My name is Lily Voynov, and I am a junior at Waukee High School. I am part of the Medical & Bioscience Research team here at APEX. When I registered for classes last year, I knew I wanted to take an APEX course, and the research class caught my eye. I didn’t realize a student could conduct scientific research during high school. Rather, I assumed that in-depth research was an opportunity only offered at the collegiate level. Excited by the opportunity to discover new things, I decided to sign up for the course. Now, as the semester draws to a close, I realize that the APEX program has granted me the unique opportunity to learn in an environment beyond the typical classroom.
During the first week of APEX, I experienced what it means to be a part of the APEX team. Here at APEX, we call our classes “teams,” and I truly believe we are one. Spending two hours, five days a week, for eighteen weeks together allows you to form a deep bond with students from both Waukee and Northwest High Schools. During an APEX-wide competition before Thanksgiving break, my team won the Turkey Cup in the annual Friendsgiving Games. We competed against several teams in random challenges to build our teamwork, communication, and collaboration skills. It is also an opportunity for us to practice one of our standards around work-life balance. Working together with our unique talents and persistent spirit, we bonded over silly challenges like throwing toy food into a basket held by a blindfolded teammate and trying to keep feathers afloat with our breath. Not only have I found a family within my own team, but the APEX family exists throughout the whole building. The other instructors love to talk with you, both professionally and personally. The entire staff at APEX cares about each associate, which encourages everyone to reach their highest potential.
Within my own class, I worked on a project about gene expression in Ovarian Cancer. My partner and I learned how to use a genetic database called R2 and how to input and analyze data in Excel. Working with new technology was challenging, but we always had Jared Almandinger, our instructor, and Dr. Ananieva, our business partner from DMU, at our side. There were many times during my project when I felt we weren’t accomplishing anything or that we wouldn’t be able to use Excel or R2 successfully. Still, through multiple attempts and questions, we learned about gene expressions and created a research poster reflecting our diligence and newfound knowledge. In addition to our research project, we had the opportunity to complete other labs, including the soapy cilantro experiment. We took a sample of our own DNA, replicated it through a process called PCR, and analyzed our DNA through gel electrophoresis. During the gel electrophoresis process, the DNA diffuses through the gel, creating bands. Depending on the amount and band placement, you can see whether you have the gene that makes you taste cilantro as soapy or spicy. Throughout the research process and lab experiences, I have learned how to use high-tech lab equipment and, most importantly, that persistence is essential.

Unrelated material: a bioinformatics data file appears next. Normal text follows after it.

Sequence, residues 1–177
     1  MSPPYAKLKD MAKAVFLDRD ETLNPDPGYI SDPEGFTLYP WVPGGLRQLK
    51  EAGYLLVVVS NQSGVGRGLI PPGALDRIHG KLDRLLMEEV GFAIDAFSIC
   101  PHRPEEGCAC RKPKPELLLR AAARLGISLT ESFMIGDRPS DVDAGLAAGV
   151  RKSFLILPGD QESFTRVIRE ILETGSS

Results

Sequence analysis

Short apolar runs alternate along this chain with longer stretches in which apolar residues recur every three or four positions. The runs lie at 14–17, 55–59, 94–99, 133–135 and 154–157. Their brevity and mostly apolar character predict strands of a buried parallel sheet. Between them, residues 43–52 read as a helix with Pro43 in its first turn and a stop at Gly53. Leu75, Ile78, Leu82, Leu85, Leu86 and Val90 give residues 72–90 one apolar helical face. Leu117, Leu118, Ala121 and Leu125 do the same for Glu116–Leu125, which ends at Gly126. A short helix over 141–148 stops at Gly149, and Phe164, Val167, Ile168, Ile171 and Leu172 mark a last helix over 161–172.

Overall, APEX has been a great opportunity to conduct scientific research, gain professional skills, and meet new friends and business professionals. I look forward to taking another course at the WILC during my senior year.